Hydrogeological Characterization Studies
Hydrogeological characterization studies cover a broad range of applications and services. In the broadest sense these studies are designed to characterize either the earth matrix which is controlling groundwater flow or the quality of the ground water. Typical applications include:
Determining Aquifer Thickness
Mapping Vertical Extent and Lateral Continuity of Confining Units
Determining Areas of Probable Conduit Flow
Mapping the Vertical and Horizontal Extent of Contaminant Plumes
Determining the Depth to Saltwater
Electrical Resistivity Imaging (ERI)
The ERI method develops two-dimension vertical cross-sections which depict the distribution of resistivity. The resistance of earth materials is controlled by both the matrix (soil/rock) resistivity and the groundwater resistivity. As the groundwater conductivity increases (becomes more ionic) the fluid conductivity dominates overall bulk resistivity. Therefore, ERI and other electrical methods are very effective in delineating ionic groundwater contamination and determining the depth to salt water. Various geological layers and features; e.g., clay confining units, fractures or sinkholes that control the groundwater flow can also be characterized. Depth of investigation is controlled by transect length in that maximum depth of investigation is typically 20 to 25 percent of the total transect length. Where site conditions allow, depths of 250 to 350 feet are usually achieved.
The EM method measures the bulk conductivity of the earth materials to a particular depth range. By varying the instrument configuration different depths of evaluation can be obtained. Depths of evaluation range from approximately 10 to 200 feet. EM data is usually collected along series of transects with data values being collected at set station intervals. Data collection can be integrated with a differentially corrected GPS to allow for a very rapid assessment of site conditions.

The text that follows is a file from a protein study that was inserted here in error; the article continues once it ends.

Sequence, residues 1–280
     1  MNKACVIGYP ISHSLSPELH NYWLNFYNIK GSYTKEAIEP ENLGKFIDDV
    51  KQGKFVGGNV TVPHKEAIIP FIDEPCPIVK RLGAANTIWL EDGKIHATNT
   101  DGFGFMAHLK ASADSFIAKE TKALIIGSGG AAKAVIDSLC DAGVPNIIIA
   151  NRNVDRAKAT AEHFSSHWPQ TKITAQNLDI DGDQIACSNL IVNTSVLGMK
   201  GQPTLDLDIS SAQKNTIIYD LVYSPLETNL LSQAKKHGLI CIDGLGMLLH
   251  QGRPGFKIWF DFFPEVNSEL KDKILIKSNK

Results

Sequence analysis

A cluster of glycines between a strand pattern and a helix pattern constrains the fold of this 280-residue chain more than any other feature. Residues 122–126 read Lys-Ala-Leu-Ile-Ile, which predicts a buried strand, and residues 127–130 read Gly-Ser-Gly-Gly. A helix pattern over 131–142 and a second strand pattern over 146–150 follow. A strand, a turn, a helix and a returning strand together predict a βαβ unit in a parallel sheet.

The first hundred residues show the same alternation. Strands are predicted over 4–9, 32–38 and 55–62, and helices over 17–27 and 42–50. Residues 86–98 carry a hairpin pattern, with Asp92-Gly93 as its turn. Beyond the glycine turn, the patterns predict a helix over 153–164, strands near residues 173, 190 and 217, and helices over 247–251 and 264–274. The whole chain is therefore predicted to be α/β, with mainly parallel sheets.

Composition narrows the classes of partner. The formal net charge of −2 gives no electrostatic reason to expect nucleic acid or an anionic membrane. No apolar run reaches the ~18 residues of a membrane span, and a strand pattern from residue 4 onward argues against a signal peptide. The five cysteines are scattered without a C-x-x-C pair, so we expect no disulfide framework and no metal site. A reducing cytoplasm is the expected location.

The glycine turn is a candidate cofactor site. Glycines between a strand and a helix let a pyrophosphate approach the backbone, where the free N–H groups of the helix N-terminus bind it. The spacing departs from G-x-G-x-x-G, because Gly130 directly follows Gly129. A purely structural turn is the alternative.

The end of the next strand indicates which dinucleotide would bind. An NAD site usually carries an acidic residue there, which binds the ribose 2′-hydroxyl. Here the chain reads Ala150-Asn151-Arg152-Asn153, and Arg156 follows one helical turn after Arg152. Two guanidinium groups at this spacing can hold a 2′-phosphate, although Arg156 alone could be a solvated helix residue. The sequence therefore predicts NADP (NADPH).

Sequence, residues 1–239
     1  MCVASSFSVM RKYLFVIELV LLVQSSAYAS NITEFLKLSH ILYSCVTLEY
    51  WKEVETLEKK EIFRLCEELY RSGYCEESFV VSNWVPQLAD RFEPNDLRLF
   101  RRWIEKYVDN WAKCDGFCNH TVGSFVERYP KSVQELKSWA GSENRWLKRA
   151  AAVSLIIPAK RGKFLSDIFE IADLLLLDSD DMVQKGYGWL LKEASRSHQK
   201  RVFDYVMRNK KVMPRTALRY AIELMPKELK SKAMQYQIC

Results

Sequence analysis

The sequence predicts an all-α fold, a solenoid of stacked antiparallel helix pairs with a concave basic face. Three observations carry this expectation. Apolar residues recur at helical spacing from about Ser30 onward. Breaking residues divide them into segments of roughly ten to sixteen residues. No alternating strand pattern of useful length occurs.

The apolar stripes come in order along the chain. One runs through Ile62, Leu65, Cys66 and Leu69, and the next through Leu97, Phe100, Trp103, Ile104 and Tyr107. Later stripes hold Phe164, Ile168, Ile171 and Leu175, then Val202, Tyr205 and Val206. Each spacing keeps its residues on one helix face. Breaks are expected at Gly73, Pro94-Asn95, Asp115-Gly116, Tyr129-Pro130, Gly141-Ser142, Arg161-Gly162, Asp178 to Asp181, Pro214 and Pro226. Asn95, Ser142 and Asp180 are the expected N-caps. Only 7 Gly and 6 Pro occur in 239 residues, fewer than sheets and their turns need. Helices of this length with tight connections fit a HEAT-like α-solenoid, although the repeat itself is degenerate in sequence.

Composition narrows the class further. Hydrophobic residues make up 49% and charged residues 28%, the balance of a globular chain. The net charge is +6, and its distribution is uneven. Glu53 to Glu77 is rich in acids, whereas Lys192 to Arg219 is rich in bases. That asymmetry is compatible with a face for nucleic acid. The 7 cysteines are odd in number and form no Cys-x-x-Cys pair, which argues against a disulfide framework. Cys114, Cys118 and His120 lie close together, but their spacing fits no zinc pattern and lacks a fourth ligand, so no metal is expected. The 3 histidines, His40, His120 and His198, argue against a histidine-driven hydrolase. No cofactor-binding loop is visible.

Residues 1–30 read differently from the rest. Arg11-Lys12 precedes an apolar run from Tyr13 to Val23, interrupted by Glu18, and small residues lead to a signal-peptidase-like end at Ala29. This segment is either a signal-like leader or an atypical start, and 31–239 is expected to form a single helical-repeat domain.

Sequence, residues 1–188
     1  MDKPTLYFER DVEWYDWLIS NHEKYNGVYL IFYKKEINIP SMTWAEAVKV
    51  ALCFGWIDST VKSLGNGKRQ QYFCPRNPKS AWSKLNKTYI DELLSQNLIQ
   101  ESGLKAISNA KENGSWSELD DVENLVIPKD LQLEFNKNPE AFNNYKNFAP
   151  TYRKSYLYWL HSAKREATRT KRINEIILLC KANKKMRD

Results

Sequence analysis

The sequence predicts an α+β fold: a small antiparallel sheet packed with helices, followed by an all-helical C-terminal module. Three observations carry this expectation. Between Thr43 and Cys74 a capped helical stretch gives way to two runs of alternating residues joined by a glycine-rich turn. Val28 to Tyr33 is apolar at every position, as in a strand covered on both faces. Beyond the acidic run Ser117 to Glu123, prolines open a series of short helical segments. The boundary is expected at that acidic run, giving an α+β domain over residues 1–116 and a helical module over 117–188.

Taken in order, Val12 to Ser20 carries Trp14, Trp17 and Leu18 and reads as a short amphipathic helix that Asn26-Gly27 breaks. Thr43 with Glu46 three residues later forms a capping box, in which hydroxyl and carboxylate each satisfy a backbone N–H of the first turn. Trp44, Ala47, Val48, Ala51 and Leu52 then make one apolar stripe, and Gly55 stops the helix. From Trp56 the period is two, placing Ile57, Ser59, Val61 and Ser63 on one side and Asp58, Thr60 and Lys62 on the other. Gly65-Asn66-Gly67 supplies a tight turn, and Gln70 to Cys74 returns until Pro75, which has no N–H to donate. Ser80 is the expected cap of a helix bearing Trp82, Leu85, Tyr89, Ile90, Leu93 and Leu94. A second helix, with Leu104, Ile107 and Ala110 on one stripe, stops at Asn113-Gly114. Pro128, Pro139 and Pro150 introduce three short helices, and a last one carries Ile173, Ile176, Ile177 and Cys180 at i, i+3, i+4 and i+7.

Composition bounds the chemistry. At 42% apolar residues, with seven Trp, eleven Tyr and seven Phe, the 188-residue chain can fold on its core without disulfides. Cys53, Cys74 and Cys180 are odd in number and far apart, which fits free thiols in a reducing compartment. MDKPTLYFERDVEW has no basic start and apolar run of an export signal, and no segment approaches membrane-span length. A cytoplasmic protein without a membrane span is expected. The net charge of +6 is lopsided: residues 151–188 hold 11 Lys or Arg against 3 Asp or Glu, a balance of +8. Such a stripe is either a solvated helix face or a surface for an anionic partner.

Time Domain Electromagnetics (TDEM)
Vertical profiles of electrical resistivity can be readily obtained using TDEM. The TDEM method is superior to older resistivity methods, especially when depths of greater than 100 ft are required. The TDEM method develops resistance values at discrete depths. These resistivity values are then modeled to provide to provide a layered solution that describes the distribution of major geo-electrical layers with depth. By varying receiver frequency and transmitter loop size, depths from 30-40 feet to 2,000-2,500 ft can be obtained. The TDEM method can be used to both map hydrogeologic layers and determine the depth to salt water
Borehole logging provides precise hydrogeological data collected from inside of the borehole. Physical earth properties such as bulk resistivity, conductivity and gamma radiation can be readily obtained. Stratigraphic contacts, fractures and voids are measured using borehole calipers and imaged using acoustical and optical televiewers. This combined information can be used to establish a very high-resolution view of the hydrogeological matrix. Fluid resistivity and in-flow/out-flow contributions from fractures can also be measured to better understand water quality and flow patterns with the aquifer system.
Dye Trace Studies
Properly implemented dye trace studies can provide information regarding groundwater flow and discharge patterns within karst aquifer systems. Such information can yield an understanding of the karst conduit system and allow for a calculation actual flow velocities.